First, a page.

"We have worked tirelessly with the directors to identify a suitable individual or organization who could take the project forward," said joint administrator Andrew Sheridan in a BBC report . "Despite overwhelming public support, and engagement with a wide range of potential and credible investors, it has not been possible to secure a purchaser for the business and assets ... We will now work with the key stakeholders to return the third-party equipment and then sell the remaining assets of the company to maximize the return for creditors."
Bloodhound Programme Ltd was seeking an investment of £25 million, or $32 million, to pay off its debts and complete the project. The goal was to take the Bloodhound all the way to 1,000 miles per hour, but it now seems that the dream is beyond reach. The current land speed record stands at 763 mph, and Bloodhound's test runs (pictured above) saw it hit 200 mph after the main vehicle structure was completed.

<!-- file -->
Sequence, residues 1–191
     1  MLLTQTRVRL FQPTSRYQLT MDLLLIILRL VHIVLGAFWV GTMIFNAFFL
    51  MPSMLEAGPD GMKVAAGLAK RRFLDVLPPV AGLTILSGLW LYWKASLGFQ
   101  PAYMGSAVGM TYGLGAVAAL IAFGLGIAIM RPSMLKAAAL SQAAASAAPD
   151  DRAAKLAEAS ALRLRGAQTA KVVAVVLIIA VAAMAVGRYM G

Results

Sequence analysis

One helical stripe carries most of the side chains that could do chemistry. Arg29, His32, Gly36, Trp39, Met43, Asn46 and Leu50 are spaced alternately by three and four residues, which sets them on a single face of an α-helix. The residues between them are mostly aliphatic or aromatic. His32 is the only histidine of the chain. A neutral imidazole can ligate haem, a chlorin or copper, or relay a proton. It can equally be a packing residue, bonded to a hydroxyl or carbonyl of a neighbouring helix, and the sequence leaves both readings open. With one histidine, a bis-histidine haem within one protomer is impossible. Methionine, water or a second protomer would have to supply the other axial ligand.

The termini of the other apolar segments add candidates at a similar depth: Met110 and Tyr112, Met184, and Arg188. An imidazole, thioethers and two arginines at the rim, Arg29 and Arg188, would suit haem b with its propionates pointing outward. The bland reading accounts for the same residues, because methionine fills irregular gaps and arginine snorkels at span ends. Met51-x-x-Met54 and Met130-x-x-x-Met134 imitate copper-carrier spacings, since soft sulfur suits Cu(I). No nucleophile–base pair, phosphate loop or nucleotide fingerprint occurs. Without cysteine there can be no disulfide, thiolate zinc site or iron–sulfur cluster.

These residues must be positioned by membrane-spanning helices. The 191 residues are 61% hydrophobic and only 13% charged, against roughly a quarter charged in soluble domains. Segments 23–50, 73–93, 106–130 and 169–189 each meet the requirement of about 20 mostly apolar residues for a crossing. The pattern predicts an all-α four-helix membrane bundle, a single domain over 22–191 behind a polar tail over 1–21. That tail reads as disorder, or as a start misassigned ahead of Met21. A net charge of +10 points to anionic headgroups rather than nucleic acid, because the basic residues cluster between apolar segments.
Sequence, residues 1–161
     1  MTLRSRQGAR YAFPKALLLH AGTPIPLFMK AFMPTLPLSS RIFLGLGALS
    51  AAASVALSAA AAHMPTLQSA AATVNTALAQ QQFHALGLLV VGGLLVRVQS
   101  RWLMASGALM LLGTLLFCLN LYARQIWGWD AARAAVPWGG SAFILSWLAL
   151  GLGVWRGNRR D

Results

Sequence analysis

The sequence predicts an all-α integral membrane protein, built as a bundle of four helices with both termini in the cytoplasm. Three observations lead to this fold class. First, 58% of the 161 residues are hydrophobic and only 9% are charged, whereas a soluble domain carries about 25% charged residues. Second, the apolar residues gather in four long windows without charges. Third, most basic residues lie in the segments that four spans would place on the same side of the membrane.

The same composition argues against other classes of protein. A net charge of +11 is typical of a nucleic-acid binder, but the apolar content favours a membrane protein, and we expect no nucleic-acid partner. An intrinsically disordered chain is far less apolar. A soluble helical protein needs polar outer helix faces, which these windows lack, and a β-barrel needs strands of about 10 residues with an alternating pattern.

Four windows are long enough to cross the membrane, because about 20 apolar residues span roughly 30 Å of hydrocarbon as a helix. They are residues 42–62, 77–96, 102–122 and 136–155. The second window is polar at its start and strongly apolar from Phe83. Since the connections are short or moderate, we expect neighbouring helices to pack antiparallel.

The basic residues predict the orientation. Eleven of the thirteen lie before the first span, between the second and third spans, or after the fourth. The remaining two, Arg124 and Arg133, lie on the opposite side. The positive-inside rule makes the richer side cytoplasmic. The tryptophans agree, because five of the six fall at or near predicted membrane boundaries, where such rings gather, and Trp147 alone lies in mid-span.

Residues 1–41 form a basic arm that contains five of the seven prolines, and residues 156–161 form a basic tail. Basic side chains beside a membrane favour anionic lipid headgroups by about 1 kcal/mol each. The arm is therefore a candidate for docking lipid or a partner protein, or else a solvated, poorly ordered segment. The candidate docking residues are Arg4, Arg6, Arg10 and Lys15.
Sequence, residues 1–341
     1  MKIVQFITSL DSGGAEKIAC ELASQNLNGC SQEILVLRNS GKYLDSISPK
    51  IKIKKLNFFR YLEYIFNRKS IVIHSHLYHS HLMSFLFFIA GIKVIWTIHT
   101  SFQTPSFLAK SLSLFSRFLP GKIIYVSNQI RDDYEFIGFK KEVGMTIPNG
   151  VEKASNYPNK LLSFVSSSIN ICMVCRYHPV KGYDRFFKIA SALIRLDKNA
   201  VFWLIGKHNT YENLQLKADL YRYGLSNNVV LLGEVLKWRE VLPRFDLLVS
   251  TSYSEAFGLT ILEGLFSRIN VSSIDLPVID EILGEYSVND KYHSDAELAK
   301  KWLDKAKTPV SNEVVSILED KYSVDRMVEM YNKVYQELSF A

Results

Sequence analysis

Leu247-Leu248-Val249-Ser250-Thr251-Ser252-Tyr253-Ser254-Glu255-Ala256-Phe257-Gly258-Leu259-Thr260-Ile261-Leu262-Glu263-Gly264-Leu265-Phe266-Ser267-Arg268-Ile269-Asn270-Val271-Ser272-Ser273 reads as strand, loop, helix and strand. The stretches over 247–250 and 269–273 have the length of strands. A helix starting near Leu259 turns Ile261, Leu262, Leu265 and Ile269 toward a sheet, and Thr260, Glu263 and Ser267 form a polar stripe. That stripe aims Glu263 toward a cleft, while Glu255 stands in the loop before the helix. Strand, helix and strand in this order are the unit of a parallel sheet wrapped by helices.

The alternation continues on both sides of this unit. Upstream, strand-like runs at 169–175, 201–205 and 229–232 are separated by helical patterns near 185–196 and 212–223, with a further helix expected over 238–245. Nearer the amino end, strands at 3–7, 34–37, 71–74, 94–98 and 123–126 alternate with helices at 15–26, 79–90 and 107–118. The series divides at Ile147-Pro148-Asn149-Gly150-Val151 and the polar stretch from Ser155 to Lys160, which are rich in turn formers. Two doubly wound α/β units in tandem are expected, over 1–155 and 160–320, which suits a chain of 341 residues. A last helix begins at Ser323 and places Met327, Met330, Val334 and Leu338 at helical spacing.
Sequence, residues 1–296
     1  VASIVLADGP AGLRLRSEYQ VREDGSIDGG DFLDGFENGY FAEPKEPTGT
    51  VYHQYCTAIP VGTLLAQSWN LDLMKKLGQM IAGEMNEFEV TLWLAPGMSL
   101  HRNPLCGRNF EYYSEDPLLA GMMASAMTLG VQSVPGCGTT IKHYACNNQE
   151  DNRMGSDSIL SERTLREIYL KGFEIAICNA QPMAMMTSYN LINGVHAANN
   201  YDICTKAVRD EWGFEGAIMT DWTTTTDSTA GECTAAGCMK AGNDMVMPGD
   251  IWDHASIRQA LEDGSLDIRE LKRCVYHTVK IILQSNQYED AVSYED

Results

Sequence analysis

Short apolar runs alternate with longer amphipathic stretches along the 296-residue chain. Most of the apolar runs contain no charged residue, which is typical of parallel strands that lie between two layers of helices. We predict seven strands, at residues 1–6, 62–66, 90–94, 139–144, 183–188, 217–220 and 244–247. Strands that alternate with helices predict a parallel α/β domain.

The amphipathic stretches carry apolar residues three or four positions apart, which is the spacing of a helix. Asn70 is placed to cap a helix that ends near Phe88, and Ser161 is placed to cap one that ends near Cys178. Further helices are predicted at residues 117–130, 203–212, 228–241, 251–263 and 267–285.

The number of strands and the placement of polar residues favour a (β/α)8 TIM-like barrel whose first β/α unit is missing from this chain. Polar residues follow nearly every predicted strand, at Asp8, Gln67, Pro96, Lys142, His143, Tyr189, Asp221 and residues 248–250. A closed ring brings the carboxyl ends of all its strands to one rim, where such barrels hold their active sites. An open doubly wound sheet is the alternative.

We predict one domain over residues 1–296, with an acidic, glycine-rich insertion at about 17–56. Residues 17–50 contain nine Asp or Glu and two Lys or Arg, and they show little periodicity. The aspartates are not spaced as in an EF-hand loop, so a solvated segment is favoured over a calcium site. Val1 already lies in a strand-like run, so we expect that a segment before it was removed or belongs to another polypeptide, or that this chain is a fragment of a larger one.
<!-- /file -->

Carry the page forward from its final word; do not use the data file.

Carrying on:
The actual land speed record attempt would have taken place in South Africa on an 11-mile track in the latter half of 2019.
Autocar says the team would have needed $6.4 million to reach 500-600 mph on the South African stretch, $19.1 million to break the existing record with an 800 mph run, and the aforementioned $32 million to hit 1,000 mph. Earlier, administrator Andrew Sheridan stated that even $32 million is a fraction of the costs of merely finishing last in a Formula 1 season.